Hyperinflation in Zimbabwe and Germany

This 100 trillion dollar note is one of the world’s largest denominations of currency. It was issued in Zimbabwe in 2008 during a period of hyperinflation, when the prices of goods rose rapidly, and the government printed money in increasingly larger denominations to match market prices. The banknote’s design has been used in Zimbabwe for decades and was printed on the two dollar note in 1983.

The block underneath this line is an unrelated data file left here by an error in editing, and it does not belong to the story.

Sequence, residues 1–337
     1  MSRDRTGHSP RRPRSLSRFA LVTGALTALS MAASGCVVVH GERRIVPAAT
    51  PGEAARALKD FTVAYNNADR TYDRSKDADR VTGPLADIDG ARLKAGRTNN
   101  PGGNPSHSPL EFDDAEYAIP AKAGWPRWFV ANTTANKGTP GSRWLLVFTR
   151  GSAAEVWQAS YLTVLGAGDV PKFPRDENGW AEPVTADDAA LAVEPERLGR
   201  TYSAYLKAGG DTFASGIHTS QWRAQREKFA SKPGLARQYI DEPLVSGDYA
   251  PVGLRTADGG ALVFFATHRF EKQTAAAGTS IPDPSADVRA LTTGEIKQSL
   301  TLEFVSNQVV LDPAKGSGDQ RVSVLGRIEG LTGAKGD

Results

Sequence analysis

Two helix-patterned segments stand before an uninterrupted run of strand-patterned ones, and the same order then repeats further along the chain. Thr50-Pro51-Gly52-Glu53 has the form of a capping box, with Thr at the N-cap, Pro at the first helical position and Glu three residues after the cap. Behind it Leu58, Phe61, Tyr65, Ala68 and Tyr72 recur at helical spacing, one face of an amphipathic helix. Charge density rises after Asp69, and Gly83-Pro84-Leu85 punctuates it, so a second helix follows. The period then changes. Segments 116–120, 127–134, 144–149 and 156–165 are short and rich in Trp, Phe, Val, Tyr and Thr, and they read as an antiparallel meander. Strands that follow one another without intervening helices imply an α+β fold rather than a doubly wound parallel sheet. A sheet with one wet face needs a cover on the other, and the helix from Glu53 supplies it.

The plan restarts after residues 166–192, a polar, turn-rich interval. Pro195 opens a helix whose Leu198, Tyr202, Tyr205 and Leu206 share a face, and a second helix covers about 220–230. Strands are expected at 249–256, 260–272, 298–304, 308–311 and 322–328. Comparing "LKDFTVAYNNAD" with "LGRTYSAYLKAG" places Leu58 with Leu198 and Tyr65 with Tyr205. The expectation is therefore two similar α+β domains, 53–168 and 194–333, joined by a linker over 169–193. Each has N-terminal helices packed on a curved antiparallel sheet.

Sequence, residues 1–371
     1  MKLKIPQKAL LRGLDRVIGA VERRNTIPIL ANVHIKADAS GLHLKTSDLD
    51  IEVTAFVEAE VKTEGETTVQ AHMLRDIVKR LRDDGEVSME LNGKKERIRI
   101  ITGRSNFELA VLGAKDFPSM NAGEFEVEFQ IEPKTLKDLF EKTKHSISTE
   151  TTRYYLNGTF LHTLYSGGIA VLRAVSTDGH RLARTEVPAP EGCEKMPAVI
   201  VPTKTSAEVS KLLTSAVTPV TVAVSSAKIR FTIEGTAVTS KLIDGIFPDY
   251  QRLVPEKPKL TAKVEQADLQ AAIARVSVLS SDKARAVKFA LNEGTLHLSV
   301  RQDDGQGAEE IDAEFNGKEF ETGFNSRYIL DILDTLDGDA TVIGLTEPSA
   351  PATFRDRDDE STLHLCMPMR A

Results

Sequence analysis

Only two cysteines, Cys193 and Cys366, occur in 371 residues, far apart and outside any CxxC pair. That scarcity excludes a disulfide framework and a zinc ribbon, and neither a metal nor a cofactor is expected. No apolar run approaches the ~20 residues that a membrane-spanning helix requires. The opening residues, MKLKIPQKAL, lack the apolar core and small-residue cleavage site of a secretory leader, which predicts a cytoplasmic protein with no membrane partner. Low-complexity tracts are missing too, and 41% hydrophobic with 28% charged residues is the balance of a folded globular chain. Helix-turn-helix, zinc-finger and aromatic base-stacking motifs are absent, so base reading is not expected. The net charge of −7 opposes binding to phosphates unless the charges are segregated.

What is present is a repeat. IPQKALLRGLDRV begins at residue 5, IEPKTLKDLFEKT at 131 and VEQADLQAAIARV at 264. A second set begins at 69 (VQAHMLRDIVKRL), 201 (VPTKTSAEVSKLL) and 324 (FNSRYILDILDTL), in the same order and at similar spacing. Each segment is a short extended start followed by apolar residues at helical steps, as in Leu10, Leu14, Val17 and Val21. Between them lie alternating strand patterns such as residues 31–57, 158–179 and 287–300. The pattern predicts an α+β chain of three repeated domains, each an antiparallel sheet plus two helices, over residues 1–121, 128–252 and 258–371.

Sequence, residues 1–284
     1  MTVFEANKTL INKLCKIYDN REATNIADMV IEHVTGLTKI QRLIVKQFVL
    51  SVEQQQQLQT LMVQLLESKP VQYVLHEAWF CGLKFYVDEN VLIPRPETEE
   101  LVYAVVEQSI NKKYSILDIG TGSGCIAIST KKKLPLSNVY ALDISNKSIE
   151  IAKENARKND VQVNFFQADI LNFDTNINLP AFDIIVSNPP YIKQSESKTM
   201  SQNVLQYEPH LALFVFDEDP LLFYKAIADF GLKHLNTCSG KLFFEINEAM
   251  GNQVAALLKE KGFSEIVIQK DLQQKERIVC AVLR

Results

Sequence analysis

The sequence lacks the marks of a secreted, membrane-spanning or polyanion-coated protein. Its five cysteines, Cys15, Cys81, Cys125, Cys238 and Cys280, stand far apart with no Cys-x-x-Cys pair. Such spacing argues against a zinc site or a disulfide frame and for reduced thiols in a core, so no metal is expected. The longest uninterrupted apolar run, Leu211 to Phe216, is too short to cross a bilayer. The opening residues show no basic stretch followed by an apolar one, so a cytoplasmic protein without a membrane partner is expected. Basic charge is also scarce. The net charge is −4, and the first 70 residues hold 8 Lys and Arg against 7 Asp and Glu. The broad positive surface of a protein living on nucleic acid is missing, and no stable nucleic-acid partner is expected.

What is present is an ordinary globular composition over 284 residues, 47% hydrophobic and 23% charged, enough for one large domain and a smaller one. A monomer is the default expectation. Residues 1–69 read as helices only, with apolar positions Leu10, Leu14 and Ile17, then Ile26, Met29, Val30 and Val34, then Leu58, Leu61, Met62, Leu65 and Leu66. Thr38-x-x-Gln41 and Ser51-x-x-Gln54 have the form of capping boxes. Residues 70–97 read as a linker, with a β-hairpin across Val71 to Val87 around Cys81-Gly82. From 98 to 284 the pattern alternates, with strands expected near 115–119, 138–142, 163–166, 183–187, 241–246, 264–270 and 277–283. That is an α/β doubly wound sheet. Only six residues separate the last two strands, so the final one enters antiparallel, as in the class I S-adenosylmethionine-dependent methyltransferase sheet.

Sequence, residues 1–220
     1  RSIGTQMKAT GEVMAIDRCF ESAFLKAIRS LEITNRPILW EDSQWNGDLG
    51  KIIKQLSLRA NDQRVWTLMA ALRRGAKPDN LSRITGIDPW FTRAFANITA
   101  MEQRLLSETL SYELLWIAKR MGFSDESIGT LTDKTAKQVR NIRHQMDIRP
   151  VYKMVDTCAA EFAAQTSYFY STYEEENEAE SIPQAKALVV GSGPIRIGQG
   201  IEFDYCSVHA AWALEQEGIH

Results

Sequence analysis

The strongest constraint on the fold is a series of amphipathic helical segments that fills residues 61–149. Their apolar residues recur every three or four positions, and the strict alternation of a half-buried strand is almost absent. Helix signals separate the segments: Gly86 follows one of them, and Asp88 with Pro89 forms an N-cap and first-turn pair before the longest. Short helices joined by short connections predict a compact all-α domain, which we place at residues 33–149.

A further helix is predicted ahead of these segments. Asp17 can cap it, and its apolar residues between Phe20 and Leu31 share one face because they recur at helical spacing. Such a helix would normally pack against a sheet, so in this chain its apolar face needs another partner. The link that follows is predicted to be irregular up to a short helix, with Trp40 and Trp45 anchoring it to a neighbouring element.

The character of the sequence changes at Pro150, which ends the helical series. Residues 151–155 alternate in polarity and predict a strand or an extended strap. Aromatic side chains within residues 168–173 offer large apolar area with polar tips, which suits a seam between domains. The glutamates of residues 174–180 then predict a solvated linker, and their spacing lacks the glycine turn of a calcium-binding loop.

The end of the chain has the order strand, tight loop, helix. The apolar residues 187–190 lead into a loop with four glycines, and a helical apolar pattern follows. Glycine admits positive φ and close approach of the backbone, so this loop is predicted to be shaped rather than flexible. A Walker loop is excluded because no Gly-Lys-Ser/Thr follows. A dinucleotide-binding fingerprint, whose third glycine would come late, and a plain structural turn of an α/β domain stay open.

They join banknotes in our collection printed during a period of hyperinflation in Germany after the end of the First World War. Around that time, a loaf of bread cost approximately 428 billion marks—over seventy times the total amount of money circulating in the German economy ten years before.

100 Trillion Dollar Note, Zimbabwe, 2008

Donation by Roger J. Moran

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2 Dollar Note, Zimbabwe, 1983

Transfer from Department of Finance, National Museum of American History 

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20 Billion Mark Note, Germany, 1924

100 Billion Mark Note, Germany, 1924